FORD scholarship winner Seungmoon Song and RoMeLa's DARwIn humanoid robot.
February 17, 2010 — Seungmoon Song, a graduate student in electrical and computer engineering (ECE), has been awarded a $10,000 FORD engineering scholarship from the Golden Key international honor society. The society awards only four of these scholarships across its international membership each year.
Song is involved in humanoid robotics locomotion and in maximizing the power production of solar cells. His faculty advisors are Dan Stilwell, an associate professor of ECE, and Dennis Hong, an associate professor of mechanical engineering.
Song is a member of Virginia Tech's RoMeLa (Robotics and Mechanisms Laboratory) and also a member of Team DARwIn for RoboCup. RoboCup, an international autonomous robotic soccer competition that aims to develop robots capable of competitively playing against humans by 2050, requires the development of sophisticated robotic hardware and algorithms. Song helped program the team's motion control system for 2009, and is now working on enhancing the robot's omni-directional locomotion engine. Song is also working on project CHARLI, a full-sized humanoid robot, first of its kind in the United States.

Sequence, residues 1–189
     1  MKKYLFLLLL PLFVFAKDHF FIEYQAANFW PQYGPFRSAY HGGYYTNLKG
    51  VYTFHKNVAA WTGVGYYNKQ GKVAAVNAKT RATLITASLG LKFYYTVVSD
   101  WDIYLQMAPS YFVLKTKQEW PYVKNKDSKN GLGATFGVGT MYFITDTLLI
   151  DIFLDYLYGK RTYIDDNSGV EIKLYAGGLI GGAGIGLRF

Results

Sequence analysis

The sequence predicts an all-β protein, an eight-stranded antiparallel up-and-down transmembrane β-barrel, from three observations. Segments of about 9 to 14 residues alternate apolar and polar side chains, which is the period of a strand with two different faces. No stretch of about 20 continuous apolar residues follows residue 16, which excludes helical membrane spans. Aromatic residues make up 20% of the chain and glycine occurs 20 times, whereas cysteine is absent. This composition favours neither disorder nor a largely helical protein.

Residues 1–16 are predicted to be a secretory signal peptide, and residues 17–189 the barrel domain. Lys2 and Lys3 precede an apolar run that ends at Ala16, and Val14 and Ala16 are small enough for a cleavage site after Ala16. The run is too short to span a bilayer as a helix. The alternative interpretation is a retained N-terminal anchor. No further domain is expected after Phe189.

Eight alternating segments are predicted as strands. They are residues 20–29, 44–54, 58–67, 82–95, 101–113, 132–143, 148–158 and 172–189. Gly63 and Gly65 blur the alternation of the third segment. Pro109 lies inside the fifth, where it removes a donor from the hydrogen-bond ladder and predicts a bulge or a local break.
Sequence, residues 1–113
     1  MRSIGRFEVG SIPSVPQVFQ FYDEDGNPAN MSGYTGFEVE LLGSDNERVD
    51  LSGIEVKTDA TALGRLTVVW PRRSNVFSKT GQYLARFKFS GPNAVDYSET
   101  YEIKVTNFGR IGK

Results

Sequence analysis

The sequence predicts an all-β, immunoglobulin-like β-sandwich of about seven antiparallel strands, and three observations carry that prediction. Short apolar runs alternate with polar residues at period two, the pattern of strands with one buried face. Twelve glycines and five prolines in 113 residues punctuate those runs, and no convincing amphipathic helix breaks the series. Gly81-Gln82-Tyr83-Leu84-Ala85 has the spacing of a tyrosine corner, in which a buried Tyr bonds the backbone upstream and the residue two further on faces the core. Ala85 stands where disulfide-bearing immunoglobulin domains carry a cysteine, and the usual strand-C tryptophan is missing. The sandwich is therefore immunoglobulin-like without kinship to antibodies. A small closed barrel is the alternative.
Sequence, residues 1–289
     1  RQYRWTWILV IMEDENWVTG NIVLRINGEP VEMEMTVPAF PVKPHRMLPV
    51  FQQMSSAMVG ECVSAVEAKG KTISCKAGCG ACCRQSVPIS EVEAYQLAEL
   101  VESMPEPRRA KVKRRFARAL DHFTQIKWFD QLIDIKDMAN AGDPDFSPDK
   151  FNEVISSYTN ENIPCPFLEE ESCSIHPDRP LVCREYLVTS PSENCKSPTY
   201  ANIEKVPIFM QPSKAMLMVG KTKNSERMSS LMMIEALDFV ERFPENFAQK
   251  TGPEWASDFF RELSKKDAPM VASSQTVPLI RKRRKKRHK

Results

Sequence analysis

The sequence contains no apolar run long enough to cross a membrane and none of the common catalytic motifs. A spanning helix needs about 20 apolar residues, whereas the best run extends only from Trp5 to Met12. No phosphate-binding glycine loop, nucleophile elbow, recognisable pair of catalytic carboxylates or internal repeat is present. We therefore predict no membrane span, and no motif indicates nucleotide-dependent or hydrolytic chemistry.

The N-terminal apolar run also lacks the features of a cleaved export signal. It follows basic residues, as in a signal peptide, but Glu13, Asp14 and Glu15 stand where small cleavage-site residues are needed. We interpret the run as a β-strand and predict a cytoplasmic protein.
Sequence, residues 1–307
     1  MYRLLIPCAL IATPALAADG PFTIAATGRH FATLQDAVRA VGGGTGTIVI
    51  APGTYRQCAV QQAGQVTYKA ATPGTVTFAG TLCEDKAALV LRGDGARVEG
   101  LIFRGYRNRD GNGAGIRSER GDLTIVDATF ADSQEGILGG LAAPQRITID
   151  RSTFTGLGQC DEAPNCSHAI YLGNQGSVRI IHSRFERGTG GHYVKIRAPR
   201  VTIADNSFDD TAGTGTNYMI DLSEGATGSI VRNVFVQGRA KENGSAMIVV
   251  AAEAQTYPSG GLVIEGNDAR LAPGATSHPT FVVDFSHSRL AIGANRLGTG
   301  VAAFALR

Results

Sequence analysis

His interest in controls has also involved Song in a research effort to allow photovoltaic modules to produce all available power. Led by faculty advisor Douglas Lindner, an associate professor of ECE, the team is tracking the maximum power points of solar cells. Photovoltaics produce their greatest power when current and voltage are properly balanced, but the maximum power varies depending on environmental conditions. Song is working on maximum power point tracking (MPPT) by analyzing levels of power output and adjusting the voltage accordingly.
Song is a native of Busan, South Korea, and graduated in 2008 with a bachelor's degree in electrical engineering from the Korean Advanced Institute of Science and Technology.
Established in 1977, the Golden Key honor society has more than 2 million student and alumni members in more than 370 campus-based chapters in Australia, Canada, India, Malaysia, New Zealand, South Africa and the United States. Golden Key recognizes and encourages scholastic achievement and excellence among college and university students in all disciplines, as well as providing campus and community service opportunities.